LINDA WERTHEIMER, host:
This week, a newly constituted U.S. Supreme Court with two new Bush appointees changed the legal landscape on abortion. By a 5-4 vote, the court for the first time upheld a regulation banning a particular abortion procedure - the procedure that abortion opponents call partial birth. And in so doing, the court opened the door to a wide variety of other abortion restrictions.
As NPR's legal affairs correspondent Nina Totenberg reports, the majority and dissenting opinions represent conflicting notions of those whose interest count most in American society.
NINA TOTENBERG: For Justice Anthony Kennedy taking up a pen for the majority, this was a case about the unborn and the state's interest in promoting fetal life. For Justice Ruth Bader Ginsberg in dissent, this was a case about a woman's right to control her own reproductive destiny.
The government said Justice Kennedy may use its voice and its regulatory authority to show its profound respect for the life within a woman. Countering that, Justice Ginsberg said, the court, for the first time, tolerates, even applauds, a law that threatens the health of some women.
Ginsberg, a leading pioneer of women's rights in the 1960s and '70s, observed there was a time not so long ago when women were pigeonholed into the role of homemaker and denied full and independent legal status under the Constitution.
Fifteen years ago, in reaffirming Roe v. Wade, she noted: This court acknowledged that the ability of women to recognize their full potential is intimately connected to their ability to control their reproductive lives. Under restrictions on abortion procedures, added Ginsberg, limit a woman's autonomy, her ability to determine her life's course, and to enjoy equal citizenship.
Not so, said Justice Kennedy. Fifteen years ago, when the court reaffirmed Roe v. Wade, the decisive three justices - and he was one of them - did not intend to create a scheme that would be tantamount to allowing a doctor to choose the procedure he or she might prefer. In this case, Kennedy said, Congress was well within its rights to ban a procedure that has a disturbing similarity to the killing of a newborn infant. Although Kennedy conceded that Congress had been wrong in many of its findings about the procedure, he nonetheless said that Congress had legitimate moral and ethical concerns that justified the ban, namely drawing a bright line that clearly distinguishes between abortion and infanticide.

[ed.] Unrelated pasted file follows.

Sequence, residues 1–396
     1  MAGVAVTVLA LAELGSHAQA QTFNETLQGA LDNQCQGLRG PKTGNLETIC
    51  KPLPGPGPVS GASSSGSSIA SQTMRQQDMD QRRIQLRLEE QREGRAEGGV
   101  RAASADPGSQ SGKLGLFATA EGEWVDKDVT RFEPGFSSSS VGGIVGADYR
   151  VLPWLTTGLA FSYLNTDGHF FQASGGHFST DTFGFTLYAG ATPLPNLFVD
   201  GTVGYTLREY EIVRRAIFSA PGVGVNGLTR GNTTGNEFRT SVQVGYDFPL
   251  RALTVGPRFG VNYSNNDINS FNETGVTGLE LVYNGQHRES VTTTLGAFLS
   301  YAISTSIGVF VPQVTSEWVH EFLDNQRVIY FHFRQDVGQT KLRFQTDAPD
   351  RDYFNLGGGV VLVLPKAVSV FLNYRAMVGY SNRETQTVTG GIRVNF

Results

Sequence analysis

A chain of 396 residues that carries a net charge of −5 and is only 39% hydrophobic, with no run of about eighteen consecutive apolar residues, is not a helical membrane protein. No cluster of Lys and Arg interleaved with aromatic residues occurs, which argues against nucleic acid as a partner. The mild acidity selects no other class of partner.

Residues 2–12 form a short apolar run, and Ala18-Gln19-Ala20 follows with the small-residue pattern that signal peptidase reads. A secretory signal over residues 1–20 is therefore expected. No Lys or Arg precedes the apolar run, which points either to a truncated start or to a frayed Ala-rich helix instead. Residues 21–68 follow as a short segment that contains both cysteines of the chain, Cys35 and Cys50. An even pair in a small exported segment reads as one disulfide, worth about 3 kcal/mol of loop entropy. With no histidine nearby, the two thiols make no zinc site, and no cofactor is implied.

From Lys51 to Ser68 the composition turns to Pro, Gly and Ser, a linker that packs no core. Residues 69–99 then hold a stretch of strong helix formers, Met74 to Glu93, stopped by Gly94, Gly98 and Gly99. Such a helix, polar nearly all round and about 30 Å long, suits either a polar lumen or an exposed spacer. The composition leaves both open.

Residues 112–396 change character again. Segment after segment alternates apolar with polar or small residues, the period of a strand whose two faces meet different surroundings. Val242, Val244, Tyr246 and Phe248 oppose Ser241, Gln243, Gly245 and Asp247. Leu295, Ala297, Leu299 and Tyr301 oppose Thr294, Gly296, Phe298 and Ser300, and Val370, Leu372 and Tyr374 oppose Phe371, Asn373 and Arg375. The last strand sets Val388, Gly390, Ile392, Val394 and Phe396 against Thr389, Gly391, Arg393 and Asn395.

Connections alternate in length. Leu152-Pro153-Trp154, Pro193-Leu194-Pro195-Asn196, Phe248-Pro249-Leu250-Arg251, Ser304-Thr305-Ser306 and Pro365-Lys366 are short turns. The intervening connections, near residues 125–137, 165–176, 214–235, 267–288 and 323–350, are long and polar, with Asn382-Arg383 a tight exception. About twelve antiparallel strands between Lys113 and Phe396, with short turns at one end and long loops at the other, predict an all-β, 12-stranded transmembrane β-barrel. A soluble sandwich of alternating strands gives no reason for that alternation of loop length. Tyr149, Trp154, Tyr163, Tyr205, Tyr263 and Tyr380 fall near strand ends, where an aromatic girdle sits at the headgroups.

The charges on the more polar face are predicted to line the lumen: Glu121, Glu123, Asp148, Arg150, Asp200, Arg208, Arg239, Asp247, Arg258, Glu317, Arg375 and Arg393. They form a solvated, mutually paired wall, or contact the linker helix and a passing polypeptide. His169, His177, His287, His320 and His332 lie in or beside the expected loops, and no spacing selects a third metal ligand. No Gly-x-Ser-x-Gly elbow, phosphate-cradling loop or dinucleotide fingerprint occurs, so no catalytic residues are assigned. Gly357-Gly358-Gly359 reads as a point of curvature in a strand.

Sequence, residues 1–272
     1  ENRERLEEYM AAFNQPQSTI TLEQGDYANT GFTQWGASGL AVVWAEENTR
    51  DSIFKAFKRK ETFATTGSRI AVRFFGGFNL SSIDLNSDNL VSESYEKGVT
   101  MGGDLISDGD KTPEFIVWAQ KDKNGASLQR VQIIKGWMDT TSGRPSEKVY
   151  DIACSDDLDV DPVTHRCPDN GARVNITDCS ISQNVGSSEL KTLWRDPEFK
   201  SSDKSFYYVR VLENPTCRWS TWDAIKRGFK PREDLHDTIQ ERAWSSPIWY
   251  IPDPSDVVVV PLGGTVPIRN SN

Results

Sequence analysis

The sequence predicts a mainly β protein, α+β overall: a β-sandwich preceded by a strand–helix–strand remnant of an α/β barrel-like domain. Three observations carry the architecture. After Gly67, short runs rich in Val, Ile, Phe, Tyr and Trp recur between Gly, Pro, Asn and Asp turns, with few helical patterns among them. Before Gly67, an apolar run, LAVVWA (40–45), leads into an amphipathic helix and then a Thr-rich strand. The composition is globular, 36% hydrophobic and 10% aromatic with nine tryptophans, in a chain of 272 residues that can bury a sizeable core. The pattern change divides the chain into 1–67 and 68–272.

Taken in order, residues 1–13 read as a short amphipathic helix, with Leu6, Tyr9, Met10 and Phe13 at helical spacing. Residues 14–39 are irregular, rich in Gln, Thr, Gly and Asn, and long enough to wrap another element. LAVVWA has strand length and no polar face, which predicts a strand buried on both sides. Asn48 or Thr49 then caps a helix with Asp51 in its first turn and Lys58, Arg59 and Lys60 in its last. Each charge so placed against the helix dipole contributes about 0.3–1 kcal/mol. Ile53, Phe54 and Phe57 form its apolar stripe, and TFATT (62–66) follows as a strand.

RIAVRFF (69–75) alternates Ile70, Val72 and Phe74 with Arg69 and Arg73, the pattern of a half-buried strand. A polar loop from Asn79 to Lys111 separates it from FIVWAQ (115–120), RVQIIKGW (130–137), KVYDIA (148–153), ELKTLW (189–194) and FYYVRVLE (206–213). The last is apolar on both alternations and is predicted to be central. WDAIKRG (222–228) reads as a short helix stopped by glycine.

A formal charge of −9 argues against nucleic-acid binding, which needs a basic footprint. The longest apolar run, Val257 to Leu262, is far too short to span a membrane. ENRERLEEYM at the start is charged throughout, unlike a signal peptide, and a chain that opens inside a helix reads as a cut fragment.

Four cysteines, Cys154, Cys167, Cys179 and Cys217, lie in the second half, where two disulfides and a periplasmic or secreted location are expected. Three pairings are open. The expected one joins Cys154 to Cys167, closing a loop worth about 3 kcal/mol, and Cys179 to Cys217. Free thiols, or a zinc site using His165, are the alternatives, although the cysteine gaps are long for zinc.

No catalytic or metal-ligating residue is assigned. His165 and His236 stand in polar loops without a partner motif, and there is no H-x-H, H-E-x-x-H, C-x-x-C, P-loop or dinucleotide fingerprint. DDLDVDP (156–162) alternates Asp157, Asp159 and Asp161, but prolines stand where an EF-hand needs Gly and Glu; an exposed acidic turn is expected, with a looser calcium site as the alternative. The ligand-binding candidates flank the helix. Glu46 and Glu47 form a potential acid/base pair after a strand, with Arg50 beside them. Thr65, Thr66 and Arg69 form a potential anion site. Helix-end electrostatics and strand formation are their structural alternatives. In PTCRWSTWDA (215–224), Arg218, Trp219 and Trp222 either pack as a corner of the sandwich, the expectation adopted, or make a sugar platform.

Justice Ginsberg responded by saying that the so-called partial birth ban saves not a single fetus from destruction. Instead, she said, the law outlaws a procedure that the American College of Obstetricians and Gynecologists and other leading medical organizations say is the safest one for some women.
The court majority admits, she noted, that its opinions hinged on moral concerns. But those moral concerns are untethered to any government interest in preserving life. And to make her point, she quoted Justice Kennedy's opinion in the 2003 gay rights case: "Our obligation is to define the liberty of all, not to enforce our all moral code."
Undeterred, Justice Kennedy had this to say: Respect for human life finds an ultimate expression in the bond of love the mother has for her child. The partial birth ban recognizes this as well. And, said Kennedy, while we find no reliable data to measure the phenomenon, it seems unexceptional to conclude some women come to regret their choice to abort the infant they created. Because patients often do not want to know the details of the procedures they will undergo, he said, it is unnecessary inference that this ban will encourage some women to carry their pregnancies to full term.
Ginsberg called this passage nothing more than a shibboleth, for which the Court admits it has no reliable evidence. Even if it is true that women would be discouraged from some abortions if they knew the details, she said, the solution the Court approves is not to inform them of the different procedures and their attendant risks but to cut off what may be the safest abortion method for them.
To that, Kennedy replied: When alternative procedures are available to the woman, even ones that are marginally riskier, that's enough to protect her rights.
Nina Totenberg, NPR News, Washington.
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